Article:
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Education budget set

Panel’s 7.5 percent cut expected, but emergency clause added

BOISE – Idaho lawmakers have set a public schools budget for next year that slashes 7.5 percent overall – and effectively cuts state funding for schools 8.4 percent – while cutting pay for all school employees and trimming an array of education initiatives.

“There’s plenty for all of us to dislike,” said Senate Finance Chairman Dean Cameron, R-Rupert.

The budget set by the Legislature’s Joint Finance-Appropriations Committee on Wednesday matches a blueprint developed by a group of lawmakers and education stakeholders over the past few weeks – with one exception. At the last minute, on a 12-7 vote, the committee tacked on an extra clause to declare a financial emergency for every Idaho school district next year, enabling districts to reopen negotiated teacher contracts and change pay, benefits or contract length.

Three Republicans – Cameron and Sens. Jim Hammond, R-Post Falls, and Joyce Broadsword, R-Sagle – joined with the committee’s four Democrats to oppose the provision, but it passed.

Said state Sen. Nicole LeFavour, D-Boise, “It basically renders null and void contract salary provisions and the length of the contracts – in other words, teachers just won’t have contracts across our state anymore. … We keep changing the rules of the game on them, and it’s not a game, it’s their life.”

The surprise move left Idaho Education Association President Sherri Wood in tears after the JFAC meeting. The maneuver, she said, was “wrong.”

State Superintendent of Schools Tom Luna said he was surprised by the proposal, and didn’t know about it before Wednesday morning’s meeting. He was among the group of education stakeholders who earlier agreed to the budget plan, which didn’t include that clause.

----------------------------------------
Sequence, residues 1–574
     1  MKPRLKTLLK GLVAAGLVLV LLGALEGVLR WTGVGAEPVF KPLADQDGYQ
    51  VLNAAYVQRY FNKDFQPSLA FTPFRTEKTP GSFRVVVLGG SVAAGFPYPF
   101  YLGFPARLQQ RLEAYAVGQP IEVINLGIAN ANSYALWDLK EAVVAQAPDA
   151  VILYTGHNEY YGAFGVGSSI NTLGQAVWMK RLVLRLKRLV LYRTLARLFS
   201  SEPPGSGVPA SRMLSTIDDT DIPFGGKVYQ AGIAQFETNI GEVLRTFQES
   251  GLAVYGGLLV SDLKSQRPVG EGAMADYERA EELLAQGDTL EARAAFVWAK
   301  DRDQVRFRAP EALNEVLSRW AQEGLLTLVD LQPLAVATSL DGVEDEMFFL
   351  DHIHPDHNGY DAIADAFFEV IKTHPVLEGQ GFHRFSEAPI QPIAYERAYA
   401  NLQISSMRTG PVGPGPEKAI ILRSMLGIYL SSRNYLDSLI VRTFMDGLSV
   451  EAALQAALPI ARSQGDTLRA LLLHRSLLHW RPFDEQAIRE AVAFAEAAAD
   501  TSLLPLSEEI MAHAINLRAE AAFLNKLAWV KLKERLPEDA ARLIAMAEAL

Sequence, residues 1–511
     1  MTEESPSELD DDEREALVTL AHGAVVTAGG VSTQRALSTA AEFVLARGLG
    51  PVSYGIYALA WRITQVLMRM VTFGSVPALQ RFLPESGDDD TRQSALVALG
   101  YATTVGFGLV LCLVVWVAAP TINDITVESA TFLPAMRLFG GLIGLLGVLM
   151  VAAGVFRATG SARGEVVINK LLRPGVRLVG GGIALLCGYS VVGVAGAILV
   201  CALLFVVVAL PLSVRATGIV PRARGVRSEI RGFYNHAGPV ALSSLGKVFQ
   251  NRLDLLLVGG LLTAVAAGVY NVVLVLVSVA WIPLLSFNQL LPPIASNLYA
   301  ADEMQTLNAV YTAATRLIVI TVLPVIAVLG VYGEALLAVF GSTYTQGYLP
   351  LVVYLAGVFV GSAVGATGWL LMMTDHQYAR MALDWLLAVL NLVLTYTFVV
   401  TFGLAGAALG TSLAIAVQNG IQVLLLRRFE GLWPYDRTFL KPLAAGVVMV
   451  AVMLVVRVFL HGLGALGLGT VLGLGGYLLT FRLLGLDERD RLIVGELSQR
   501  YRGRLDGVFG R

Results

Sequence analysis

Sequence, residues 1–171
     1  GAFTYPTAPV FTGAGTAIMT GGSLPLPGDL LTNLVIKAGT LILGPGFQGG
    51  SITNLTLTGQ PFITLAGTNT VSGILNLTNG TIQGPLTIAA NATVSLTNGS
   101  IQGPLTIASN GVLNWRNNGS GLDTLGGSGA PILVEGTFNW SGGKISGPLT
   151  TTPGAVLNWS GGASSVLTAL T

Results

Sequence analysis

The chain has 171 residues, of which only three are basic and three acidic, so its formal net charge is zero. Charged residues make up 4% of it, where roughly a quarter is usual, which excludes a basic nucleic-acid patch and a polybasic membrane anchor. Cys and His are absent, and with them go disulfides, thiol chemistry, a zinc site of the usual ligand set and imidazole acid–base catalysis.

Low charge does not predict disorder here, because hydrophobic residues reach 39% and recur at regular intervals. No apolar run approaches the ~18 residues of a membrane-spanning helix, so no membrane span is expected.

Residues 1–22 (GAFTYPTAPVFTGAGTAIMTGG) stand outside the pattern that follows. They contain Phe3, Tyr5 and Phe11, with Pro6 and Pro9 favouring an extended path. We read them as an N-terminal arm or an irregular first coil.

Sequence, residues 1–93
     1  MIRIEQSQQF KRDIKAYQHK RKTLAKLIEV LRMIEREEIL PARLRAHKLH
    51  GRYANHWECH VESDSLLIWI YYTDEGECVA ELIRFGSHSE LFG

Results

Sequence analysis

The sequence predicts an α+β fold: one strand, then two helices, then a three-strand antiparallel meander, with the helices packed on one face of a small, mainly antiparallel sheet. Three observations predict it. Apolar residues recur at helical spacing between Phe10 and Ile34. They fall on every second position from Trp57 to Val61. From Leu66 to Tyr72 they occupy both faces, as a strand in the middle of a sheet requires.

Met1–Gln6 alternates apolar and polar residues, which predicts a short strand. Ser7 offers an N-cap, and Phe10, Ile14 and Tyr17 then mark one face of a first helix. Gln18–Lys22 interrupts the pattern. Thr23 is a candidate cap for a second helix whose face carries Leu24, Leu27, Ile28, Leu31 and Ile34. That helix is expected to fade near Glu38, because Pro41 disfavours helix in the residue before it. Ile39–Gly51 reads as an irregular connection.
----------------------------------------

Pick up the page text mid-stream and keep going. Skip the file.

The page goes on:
The budget calls for base pay cuts for teachers and classified employees of school districts next year of 4 percent, 6.5 percent pay cuts for administrators, and canceling $10.13 million in what otherwise would have been raises earned by educators for additional education or experience.

Minority Democrats on the panel offered an alternative, to add an extra $37.2 million to the school budget. They called for capturing that extra money by delaying implementation of a grocery tax credit increase, putting off election consolidation, delaying an insurance premium tax reduction and tapping $3 million from the general fund for additional tax auditors who would bring in $20 million more in already-due taxes next year, for a net increase of $17 million.

But the move failed on a party-line vote, with only the four Democrats on the joint committee supporting it.

The budget still needs approval from the full House and Senate and the governor’s signature to take effect, but budgets rarely are changed after they’re set by the joint committee.